Date Full Report Received09/03/2020
Date Abstract Report Received09/03/2020
Funded ByPork Checkoff
Antibiotic-resistant bacterial infections are a growing health crisis, which has prompted calls for decreased antibiotic use in human medicine and animal agriculture. With increased restrictions on antibiotics in animal agriculture, alternatives products are utilized. Heavy metals, including zinc and copper, can have antimicrobial properties at high enough concentrations and are used as one alternative product. However, the impacts of dietary zinc or copper on antibiotic resistance genes (ARGs) abundance and transmission are not completely understood. The proposed research project identified and compared the ARG carriage and dissemination potential in one of the groups of swine gut bacteria most relevant to public health, the Gram-negative bacteria (mostly Enterobacteriaceae; this group includes Escherichia coli), in groups of nursery-age pigs that were fed either antibiotics or dietary heavy metals (zinc and copper).
When the presence of ARGs in swine gut bacteria was examined, no statistically significant differences among treatment groups was observed. However, limitations in study design may be responsible for this result, as the sequencing data suggested that the Enterobacteriaceae sequenced may be an incomplete representation of the Enterobacteriaceae in the gut due to how the organisms were cultured. Nevertheless, Enterobacteriaceae present in swine carried an average of 9.2 ARGs. These ARGs encoded resistances to a wide range of antibiotics, which may have clinical implications. Thus, despite the dietary additive, a number of ARGs were detected in Enterobacteriaceae cultured from pig fecal samples. Bacterial plasmids, as opposed to the chromosome, encode ARGs with other mobile genetic elements. In the Enterobacteriaceae cultured from pigs, certain ARGs were associated with specific types of plasmids. One of these plasmid types, IncI1, is a narrow host-range plasmid of Escherichia coli and Salmonella enterica species. Thus, carriage of ARGs on IncI1 can readily transfer to organisms associated with disease in humans or animals.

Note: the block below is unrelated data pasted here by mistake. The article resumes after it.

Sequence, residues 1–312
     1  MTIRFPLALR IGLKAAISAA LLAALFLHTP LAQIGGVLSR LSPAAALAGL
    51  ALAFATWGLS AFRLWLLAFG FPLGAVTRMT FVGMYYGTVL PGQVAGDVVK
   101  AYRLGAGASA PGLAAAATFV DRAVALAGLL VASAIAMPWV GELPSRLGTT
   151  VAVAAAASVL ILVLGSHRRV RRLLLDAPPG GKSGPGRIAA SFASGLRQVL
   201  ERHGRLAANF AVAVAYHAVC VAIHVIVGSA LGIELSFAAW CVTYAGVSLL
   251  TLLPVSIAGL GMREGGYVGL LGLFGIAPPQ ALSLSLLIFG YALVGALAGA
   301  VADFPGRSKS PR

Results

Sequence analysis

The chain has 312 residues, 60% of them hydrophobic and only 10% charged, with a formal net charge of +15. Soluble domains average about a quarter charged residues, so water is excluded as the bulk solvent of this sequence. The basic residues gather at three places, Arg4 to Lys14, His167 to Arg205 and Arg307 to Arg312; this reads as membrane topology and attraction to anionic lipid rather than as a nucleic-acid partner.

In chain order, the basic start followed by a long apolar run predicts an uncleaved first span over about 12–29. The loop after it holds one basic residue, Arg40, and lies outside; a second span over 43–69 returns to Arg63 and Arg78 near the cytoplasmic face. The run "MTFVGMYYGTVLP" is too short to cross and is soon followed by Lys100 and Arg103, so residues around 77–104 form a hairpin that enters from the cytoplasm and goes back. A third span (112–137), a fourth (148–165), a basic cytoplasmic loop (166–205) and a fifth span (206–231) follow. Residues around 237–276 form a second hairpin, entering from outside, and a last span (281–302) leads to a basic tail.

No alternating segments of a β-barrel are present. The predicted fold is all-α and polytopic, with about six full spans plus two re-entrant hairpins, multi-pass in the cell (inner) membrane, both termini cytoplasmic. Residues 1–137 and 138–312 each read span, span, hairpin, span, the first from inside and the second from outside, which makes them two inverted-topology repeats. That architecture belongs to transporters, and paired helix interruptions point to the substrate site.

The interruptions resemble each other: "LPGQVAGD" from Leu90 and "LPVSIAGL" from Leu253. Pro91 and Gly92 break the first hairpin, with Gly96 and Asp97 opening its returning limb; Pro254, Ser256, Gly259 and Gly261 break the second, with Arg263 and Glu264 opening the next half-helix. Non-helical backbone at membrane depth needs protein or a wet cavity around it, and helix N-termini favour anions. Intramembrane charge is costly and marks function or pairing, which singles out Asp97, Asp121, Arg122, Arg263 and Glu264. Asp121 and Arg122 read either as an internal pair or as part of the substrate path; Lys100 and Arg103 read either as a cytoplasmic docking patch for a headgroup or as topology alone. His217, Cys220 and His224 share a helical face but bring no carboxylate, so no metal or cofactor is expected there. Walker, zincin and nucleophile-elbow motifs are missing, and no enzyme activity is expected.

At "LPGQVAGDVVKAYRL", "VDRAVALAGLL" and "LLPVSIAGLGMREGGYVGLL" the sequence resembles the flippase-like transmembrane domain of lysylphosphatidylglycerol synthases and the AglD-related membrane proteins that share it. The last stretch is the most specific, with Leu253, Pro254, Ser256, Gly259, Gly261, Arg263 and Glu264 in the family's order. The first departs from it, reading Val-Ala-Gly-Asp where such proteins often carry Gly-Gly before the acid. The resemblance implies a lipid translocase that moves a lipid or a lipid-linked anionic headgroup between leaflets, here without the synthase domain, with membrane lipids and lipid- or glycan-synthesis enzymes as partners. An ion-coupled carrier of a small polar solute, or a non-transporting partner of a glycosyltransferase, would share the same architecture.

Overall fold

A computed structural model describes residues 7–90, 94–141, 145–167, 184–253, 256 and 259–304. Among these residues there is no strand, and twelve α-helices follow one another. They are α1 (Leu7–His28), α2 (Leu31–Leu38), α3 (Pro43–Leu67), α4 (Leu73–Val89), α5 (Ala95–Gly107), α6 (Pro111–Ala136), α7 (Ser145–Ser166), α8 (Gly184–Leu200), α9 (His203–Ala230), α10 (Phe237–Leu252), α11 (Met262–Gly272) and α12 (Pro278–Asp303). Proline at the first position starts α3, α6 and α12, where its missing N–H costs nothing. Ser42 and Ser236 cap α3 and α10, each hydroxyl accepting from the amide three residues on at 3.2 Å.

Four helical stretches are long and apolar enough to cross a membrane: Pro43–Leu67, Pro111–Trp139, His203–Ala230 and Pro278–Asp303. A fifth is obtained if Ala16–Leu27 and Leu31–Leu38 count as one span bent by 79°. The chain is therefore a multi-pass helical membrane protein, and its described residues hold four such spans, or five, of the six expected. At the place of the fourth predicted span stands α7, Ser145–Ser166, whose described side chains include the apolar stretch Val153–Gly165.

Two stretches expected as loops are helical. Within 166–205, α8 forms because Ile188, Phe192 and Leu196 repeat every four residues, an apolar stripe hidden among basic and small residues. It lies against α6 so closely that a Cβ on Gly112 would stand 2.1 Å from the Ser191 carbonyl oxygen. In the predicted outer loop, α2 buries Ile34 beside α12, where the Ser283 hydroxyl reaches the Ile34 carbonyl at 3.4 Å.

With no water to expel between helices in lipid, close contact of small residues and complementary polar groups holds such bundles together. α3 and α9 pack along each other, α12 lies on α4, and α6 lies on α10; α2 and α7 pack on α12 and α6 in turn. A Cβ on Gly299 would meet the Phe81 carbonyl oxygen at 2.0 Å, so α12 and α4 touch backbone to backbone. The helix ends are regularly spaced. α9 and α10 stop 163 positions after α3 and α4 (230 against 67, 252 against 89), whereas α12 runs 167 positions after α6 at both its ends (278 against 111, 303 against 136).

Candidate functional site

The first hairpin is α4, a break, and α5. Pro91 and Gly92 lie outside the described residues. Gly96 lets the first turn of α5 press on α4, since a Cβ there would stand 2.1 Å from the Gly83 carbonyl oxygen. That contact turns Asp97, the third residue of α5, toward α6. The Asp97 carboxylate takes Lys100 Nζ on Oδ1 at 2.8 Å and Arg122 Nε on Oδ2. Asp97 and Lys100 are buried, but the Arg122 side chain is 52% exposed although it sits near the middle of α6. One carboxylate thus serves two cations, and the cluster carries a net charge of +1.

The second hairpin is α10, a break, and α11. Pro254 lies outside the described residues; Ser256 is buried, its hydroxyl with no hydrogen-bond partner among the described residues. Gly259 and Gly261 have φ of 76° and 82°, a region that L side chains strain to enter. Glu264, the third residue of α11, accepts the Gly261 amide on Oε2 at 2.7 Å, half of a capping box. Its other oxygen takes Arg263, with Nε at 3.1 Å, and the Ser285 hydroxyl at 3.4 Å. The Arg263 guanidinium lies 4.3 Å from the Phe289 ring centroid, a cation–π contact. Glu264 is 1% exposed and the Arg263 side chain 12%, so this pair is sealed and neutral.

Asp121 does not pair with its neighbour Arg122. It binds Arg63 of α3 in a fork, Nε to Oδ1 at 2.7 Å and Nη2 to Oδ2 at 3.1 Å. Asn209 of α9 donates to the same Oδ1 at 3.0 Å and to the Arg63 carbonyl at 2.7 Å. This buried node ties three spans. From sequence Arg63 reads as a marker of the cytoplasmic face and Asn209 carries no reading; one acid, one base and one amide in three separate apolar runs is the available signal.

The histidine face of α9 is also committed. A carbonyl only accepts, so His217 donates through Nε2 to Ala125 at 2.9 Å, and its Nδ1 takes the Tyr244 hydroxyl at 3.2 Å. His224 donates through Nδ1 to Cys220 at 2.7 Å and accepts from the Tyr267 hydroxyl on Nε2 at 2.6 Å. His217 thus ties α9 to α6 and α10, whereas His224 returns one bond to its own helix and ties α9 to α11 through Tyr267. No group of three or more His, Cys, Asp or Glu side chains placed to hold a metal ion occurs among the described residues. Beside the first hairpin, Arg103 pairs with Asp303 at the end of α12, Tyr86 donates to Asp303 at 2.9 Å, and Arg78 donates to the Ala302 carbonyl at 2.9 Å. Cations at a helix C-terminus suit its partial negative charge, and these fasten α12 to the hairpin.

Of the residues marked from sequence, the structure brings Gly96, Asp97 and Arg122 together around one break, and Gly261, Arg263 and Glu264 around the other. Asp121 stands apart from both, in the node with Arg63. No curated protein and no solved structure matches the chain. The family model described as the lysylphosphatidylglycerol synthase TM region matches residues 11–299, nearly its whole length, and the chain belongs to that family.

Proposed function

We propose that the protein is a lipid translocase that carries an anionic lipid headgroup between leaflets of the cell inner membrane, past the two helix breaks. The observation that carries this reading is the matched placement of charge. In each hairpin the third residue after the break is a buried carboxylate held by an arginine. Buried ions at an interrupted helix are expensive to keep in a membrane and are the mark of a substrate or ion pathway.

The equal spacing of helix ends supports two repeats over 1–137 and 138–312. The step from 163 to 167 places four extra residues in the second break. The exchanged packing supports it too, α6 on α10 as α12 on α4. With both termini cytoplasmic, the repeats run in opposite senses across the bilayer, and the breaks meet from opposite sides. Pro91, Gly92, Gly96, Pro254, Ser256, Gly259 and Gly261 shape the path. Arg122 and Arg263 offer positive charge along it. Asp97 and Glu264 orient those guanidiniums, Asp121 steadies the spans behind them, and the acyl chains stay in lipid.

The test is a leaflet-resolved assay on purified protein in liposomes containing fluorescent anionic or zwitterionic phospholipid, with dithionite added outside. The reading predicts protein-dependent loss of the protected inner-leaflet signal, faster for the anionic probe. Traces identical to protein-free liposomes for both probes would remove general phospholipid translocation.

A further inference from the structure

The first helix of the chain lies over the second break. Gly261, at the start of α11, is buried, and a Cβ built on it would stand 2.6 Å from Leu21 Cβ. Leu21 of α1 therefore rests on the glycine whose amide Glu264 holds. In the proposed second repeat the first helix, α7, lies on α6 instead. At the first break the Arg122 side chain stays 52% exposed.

The relative abundance of ARGS in feces tested were not impacted by the addition of therapeutic zinc oxide and copper chloride or chlortetracycline when compared to ARG abundance in feces of pigs on unamended diet. The qPCR targets examined included genes which encoded resistance to different classes of antibiotics, the beta-lactams (blaCMY-2 and blaTEM), tetracyclines (tet32, tetA, and tetW), aminoglycosides (aph2′-id) as well as the IncF plasmid replicon. Again, ARGS were detected in fecal DNA of all the pigs in the trial, and there was a wide range in the abundance of ARGs within a treatment group.
Collectively, swine gut bacteria encoded a number of different ARG in Enterobacteriaceae, and the abundance of the ARGs in swine fecal bacteria varies widely between pigs. Methodology used in the study limited the interpretation of the impact of dietary heavy metals on ARG mobility, and a larger number of samples may be required to fully appreciate the impact of heavy metals on the abundance of ARGs given the range in abundance in pigs in the same treatment group.
Crystal Loving, PhD
USDA-ARS-National Animal Disease Center